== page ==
Osteoradionecrosis (ORN) is a condition that results from the damaging effects of ionizing radiation therapy. Although an uncommon side effect of radiation treatment for cancers arising in the mouth, the oropharynx and the paranasal sinuses, when it occurs ORN can have devastating consequences for the patient. ORN is defined as destruction of the bone, associated with pain and bone exposure, either inside the mouth or through the external skin. Radiation results in a decreased blood supply to the bone that predisposes it to secondary infection. This condition affects three to five percent of patients who undergo radiation treatment to the head and neck area, with the lower jaw being far more sensitive to radiation damage than the upper jaw.
There are different grades of severity of ORN, depending on the amount of bone destruction that has occurred. Symptoms include pain, and in the most severe form a pathologic fracture may develop, leading to the development of a fistula through which saliva drains.
The prevention of osteoradionecrosis is accomplished through meticulous dental care and the avoidance of oral surgery following radiation therapy. Ideally patients will undergo a thorough dental evaluation before radiation treatment, and any dental procedures should be performed before therapy. Once radiation therapy has been given, hyperbaric oxygen may protect the bone if it’s administered prior to dental procedures that are performed in the area that was exposed to radiation therapy.
The development of osteoradionecrosis appears to be related to the total dose of radiation that is administered to the bone. Patients who receive secondary courses of radiation therapy are at greater risk. The surgeons who are performing operations in patients who have been exposed to radiation therapy must be very meticulous in designing the operation in order to avoid making cuts in the bone that may lead to bone destruction.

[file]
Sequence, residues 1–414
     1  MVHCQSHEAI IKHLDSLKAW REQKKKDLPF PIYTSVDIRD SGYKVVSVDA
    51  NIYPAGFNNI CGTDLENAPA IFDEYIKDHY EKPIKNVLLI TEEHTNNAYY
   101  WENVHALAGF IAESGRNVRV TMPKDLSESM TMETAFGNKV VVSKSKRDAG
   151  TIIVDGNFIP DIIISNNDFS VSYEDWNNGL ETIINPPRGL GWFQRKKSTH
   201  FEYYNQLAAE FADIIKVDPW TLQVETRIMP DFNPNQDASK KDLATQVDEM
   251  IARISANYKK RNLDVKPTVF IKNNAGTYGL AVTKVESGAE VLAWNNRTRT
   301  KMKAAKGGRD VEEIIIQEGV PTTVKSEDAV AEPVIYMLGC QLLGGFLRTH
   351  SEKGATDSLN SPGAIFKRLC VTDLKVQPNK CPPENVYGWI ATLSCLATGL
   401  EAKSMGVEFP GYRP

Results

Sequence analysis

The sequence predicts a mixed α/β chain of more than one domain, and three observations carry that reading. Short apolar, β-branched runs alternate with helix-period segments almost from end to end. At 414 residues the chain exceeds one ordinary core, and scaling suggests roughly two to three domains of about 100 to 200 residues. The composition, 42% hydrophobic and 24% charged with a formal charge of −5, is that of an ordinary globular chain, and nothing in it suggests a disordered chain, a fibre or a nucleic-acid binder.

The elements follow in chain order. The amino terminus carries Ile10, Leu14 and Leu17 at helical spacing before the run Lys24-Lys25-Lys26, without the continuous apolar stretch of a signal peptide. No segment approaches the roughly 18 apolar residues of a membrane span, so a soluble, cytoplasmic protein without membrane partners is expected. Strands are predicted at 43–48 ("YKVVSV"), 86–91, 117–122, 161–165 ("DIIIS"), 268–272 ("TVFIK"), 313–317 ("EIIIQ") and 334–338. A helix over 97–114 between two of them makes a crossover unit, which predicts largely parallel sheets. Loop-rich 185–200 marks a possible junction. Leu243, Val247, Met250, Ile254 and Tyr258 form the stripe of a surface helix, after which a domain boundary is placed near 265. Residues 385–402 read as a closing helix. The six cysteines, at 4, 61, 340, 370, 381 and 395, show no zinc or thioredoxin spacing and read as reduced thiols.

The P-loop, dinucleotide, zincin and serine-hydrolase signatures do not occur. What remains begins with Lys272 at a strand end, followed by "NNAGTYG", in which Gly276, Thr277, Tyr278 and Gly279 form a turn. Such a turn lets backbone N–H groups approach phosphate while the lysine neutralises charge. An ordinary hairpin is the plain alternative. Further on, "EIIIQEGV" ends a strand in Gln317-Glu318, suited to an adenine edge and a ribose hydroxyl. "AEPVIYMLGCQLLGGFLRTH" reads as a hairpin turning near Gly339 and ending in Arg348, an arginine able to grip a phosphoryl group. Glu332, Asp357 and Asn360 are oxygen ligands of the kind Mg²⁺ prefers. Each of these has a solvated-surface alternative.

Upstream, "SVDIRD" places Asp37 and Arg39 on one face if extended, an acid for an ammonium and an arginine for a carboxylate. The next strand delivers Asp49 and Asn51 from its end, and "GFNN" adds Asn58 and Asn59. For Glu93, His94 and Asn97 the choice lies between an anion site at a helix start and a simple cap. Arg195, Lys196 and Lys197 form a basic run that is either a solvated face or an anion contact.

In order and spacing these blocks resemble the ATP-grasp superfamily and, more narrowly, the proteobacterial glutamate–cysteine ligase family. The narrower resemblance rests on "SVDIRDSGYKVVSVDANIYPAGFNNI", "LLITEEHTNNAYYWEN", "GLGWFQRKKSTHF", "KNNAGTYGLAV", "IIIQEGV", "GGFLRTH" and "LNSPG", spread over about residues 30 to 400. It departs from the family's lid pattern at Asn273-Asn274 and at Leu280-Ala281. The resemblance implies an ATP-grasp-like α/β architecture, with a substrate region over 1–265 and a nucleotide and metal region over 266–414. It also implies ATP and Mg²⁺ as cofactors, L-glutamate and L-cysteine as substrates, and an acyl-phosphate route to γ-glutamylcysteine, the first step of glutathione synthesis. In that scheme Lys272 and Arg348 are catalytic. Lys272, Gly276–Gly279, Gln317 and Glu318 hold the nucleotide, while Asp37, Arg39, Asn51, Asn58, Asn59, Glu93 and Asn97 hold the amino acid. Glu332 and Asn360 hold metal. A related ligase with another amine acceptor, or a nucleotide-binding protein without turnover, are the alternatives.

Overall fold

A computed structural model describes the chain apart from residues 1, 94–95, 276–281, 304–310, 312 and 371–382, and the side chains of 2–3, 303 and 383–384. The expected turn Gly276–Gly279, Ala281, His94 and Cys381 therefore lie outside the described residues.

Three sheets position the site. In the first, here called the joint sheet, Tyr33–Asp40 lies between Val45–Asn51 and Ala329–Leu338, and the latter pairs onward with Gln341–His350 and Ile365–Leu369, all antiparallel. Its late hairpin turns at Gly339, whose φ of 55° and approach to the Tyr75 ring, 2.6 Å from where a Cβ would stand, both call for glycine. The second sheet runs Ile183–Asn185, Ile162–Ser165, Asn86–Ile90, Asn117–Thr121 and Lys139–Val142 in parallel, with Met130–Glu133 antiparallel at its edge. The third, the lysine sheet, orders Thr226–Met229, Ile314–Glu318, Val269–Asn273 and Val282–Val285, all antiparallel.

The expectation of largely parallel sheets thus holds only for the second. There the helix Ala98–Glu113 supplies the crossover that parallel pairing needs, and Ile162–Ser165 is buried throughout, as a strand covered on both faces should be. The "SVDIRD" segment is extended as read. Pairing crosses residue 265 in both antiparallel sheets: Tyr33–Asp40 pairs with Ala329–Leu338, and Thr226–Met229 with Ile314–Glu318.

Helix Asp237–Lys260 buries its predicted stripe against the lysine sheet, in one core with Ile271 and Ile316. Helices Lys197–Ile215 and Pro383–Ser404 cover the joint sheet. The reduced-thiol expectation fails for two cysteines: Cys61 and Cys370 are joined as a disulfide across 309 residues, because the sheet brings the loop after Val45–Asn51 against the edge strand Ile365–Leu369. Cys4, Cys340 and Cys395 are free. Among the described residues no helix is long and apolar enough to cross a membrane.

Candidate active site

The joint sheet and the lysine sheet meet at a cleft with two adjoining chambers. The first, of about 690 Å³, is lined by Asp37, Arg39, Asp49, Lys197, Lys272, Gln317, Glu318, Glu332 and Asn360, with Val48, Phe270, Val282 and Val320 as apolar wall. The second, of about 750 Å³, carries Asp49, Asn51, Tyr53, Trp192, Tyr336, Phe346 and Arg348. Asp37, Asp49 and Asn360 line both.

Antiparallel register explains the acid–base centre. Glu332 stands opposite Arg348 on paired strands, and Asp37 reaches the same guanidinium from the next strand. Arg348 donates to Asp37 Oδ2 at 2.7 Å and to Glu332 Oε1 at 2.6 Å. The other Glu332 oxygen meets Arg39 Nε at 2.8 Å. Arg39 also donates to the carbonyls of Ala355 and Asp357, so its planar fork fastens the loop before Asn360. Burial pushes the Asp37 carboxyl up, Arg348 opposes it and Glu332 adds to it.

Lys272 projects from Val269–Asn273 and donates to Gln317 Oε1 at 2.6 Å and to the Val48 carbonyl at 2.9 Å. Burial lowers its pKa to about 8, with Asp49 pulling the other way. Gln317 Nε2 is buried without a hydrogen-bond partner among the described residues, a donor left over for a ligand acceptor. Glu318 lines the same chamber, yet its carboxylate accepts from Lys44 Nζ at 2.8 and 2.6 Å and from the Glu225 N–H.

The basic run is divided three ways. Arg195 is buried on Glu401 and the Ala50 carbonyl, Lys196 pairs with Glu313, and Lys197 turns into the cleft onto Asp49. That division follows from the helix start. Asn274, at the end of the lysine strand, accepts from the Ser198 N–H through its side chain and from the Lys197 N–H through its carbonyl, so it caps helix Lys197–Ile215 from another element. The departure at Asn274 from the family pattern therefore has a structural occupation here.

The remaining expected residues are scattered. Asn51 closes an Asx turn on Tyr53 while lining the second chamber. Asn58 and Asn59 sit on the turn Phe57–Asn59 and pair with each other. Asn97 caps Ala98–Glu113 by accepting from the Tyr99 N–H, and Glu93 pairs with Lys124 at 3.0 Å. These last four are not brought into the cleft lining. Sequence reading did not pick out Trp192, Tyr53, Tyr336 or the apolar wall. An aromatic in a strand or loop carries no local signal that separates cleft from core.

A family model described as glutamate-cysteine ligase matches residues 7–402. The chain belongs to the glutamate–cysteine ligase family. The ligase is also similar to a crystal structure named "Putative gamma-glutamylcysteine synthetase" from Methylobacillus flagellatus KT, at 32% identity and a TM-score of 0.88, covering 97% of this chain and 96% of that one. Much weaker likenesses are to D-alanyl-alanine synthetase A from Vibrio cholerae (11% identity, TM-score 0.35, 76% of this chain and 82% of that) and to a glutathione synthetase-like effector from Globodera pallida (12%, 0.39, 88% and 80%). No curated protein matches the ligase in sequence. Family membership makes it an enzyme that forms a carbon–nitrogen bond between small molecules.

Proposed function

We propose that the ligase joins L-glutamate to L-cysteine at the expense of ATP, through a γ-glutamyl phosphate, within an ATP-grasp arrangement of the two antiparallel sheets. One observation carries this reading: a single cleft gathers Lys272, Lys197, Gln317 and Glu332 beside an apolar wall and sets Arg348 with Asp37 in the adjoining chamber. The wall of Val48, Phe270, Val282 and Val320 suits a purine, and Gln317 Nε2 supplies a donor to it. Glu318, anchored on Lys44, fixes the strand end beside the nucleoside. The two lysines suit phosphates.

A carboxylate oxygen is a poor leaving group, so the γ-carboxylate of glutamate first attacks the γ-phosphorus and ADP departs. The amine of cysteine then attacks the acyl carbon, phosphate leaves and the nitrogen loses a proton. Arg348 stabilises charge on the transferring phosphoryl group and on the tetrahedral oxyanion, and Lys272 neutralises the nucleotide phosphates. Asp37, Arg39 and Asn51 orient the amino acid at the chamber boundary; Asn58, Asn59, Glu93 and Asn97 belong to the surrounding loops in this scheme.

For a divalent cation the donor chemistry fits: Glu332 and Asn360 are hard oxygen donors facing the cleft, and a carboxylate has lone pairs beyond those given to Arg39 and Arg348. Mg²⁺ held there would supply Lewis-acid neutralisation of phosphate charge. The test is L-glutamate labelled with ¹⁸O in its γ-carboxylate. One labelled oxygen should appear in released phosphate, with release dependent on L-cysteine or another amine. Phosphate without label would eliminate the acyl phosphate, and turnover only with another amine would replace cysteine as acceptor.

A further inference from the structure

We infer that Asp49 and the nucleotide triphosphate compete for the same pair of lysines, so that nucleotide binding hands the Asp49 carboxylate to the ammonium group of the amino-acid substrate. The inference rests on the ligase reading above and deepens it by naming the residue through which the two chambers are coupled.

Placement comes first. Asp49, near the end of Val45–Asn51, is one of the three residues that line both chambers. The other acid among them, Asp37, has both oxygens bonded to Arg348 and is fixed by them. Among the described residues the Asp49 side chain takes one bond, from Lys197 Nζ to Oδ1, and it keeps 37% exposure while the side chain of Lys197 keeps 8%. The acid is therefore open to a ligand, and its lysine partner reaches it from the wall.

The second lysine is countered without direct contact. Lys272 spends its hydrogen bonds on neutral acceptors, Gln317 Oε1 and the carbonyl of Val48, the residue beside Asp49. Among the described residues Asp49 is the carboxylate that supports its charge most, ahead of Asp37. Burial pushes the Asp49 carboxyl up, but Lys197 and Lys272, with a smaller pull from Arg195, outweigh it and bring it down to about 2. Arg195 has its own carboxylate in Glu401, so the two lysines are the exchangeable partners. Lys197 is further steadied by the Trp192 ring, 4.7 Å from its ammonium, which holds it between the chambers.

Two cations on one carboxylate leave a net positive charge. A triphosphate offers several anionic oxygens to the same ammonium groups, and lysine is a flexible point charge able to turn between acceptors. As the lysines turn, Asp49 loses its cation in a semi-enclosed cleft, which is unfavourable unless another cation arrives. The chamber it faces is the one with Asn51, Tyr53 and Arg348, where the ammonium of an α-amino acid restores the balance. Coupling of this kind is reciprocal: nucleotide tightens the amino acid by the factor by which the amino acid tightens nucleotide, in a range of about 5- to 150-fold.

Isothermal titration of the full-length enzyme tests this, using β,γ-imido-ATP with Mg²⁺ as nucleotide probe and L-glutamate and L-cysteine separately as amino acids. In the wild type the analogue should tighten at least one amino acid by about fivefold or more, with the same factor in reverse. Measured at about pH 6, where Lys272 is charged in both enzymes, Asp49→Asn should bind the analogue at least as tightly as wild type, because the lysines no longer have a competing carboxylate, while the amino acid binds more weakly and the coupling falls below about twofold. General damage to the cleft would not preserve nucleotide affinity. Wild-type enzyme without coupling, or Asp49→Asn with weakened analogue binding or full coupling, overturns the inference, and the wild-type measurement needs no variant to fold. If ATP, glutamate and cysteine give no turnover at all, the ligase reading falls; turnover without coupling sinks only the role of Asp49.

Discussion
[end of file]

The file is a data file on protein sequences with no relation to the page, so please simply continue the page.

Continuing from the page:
The treatment depends on the severity of the condition. In the early stages of the disease, the removal of exposed, nonviable bone with closure of the lining of the oral cavity can arrest the condition and prevent further progression. In more severe cases, the options are limited and require more definitive procedures. In these cases, the use of hyperbaric oxygen to improve the condition is most often not successful.
The best option for a predictable outcome is the removal of the portion of the diseased bone and replacement with new vascularized bone using microvascular surgery. Transfer of sections of new bone can come from the fibula, scapula and the iliac crest. The procedure may also require importing healthy soft tissue to reline the oral cavity and the overlying skin. The blood supply to the bone is restored by microscopic attachment of the nutrient artery and vein to a recipient artery and vein in the neck. This technique has proven to be reliable and predictable in this condition. The full extent of the damaged native bone must be determined during the surgery in an effort to avoid the progression of this process in the native mandible after importing the healthy bone into the defect created by removing the diseased segment.
Patients who undergo this procedure can enjoy resolution of pain and reestablishment of the structure of the lower third of the face. These patients are also candidates for dental rehabilitation and may include implants that can give them a fully functioning jaw as a result.